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Title: Electron energy distributions and electron impact source functions in Ar/N 2 inductively coupled plasmas using pulsed power

ORCiD logo [1];  [1]
  1. Department of Electrical Engineering and Computer Science, University of Michigan, 1301 Beal Ave., Ann Arbor, Michigan 48109-2122, USA
Publication Date:
Sponsoring Org.:
USDOE Office of Science (SC), Fusion Energy Sciences (FES) (SC-24)
OSTI Identifier:
Grant/Contract Number:
Resource Type:
Journal Article: Publisher's Accepted Manuscript
Journal Name:
Journal of Applied Physics
Additional Journal Information:
Journal Volume: 117; Journal Issue: 4; Related Information: CHORUS Timestamp: 2018-02-15 01:59:03; Journal ID: ISSN 0021-8979
American Institute of Physics
Country of Publication:
United States

Citation Formats

Logue, Michael D., and Kushner, Mark J. Electron energy distributions and electron impact source functions in Ar/N 2 inductively coupled plasmas using pulsed power. United States: N. p., 2015. Web. doi:10.1063/1.4904935.
Logue, Michael D., & Kushner, Mark J. Electron energy distributions and electron impact source functions in Ar/N 2 inductively coupled plasmas using pulsed power. United States. doi:10.1063/1.4904935.
Logue, Michael D., and Kushner, Mark J. 2015. "Electron energy distributions and electron impact source functions in Ar/N 2 inductively coupled plasmas using pulsed power". United States. doi:10.1063/1.4904935.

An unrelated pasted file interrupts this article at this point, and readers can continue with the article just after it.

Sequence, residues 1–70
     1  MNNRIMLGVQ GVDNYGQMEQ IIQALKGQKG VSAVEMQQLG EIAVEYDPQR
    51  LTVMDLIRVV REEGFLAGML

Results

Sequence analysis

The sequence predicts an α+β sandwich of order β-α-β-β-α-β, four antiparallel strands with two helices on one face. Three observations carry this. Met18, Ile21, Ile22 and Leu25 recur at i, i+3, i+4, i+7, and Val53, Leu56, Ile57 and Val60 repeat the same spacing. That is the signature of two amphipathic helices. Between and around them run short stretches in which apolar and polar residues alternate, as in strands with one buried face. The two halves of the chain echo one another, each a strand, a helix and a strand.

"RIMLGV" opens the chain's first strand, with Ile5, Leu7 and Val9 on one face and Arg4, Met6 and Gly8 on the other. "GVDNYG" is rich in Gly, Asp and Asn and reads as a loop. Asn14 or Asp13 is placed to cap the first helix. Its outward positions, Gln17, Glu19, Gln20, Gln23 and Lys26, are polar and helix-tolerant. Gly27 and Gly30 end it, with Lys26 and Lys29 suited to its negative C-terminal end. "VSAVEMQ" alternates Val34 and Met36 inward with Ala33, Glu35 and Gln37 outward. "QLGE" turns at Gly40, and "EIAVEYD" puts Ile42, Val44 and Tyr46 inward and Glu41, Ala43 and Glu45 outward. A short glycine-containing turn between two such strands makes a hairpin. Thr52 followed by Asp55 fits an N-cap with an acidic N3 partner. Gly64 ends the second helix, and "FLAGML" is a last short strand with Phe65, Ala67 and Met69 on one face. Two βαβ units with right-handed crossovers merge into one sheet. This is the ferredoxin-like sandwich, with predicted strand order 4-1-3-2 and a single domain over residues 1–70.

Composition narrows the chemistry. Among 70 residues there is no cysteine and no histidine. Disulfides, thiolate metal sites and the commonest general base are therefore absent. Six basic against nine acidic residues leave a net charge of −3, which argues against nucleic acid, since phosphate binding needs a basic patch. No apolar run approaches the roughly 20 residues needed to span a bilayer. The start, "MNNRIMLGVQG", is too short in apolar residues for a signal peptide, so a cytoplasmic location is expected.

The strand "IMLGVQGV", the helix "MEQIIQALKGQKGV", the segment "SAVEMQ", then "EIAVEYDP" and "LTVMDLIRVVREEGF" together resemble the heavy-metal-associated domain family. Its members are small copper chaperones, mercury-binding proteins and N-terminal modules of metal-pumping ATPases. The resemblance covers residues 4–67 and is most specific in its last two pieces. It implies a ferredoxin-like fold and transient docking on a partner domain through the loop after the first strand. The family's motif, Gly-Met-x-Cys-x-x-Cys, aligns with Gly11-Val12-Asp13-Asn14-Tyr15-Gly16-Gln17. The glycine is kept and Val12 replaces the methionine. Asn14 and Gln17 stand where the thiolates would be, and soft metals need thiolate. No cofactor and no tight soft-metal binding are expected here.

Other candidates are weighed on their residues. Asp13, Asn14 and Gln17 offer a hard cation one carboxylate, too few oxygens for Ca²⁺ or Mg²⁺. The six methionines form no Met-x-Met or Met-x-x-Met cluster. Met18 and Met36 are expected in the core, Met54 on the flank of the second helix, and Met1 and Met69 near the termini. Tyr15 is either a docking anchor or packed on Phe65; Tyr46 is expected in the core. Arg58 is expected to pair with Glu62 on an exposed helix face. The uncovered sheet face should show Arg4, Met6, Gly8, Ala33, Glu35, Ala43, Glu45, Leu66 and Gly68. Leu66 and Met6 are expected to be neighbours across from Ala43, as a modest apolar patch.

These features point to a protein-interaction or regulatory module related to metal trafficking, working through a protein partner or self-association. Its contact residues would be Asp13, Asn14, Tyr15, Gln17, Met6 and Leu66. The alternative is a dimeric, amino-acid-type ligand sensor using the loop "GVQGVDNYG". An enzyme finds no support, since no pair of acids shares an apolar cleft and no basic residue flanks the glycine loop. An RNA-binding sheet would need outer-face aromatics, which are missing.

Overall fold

title = {Electron energy distributions and electron impact source functions in Ar/N 2 inductively coupled plasmas using pulsed power},
author = {Logue, Michael D. and Kushner, Mark J.},
abstractNote = {},
doi = {10.1063/1.4904935},
journal = {Journal of Applied Physics},
number = 4,
volume = 117,
place = {United States},
year = 2015,
month = 1

Journal Article:
Free Publicly Available Full Text
Publisher's Version of Record at 10.1063/1.4904935

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Cited by: 2works
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  • In plasma materials processing, such as plasma etching, control of the time-averaged electron energy distributions (EEDs) in the plasma allows for control of the time-averaged electron impact source functions of reactive species in the plasma and their fluxes to surfaces. One potential method for refining the control of EEDs is through the use of pulsed power. Inductively coupled plasmas (ICPs) are attractive for using pulsed power in this manner because the EEDs are dominantly controlled by the ICP power as opposed to the bias power applied to the substrate. In this paper, we discuss results from a computational investigation ofmore » EEDs and electron impact source functions in low pressure (5–50 mTorr) ICPs sustained in Ar/N{sub 2} for various duty cycles. We find there is an ability to control EEDs, and thus source functions, by pulsing the ICP power, with the greatest variability of the EEDs located within the skin depth of the electromagnetic field. The transit time of hot electrons produced in the skin depth at the onset of pulse power produces a delay in the response of the EEDs as a function of distance from the coils. The choice of ICP pressure has a large impact on the dynamics of the EEDs, whereas duty cycle has a small influence on time-averaged EEDs and source functions.« less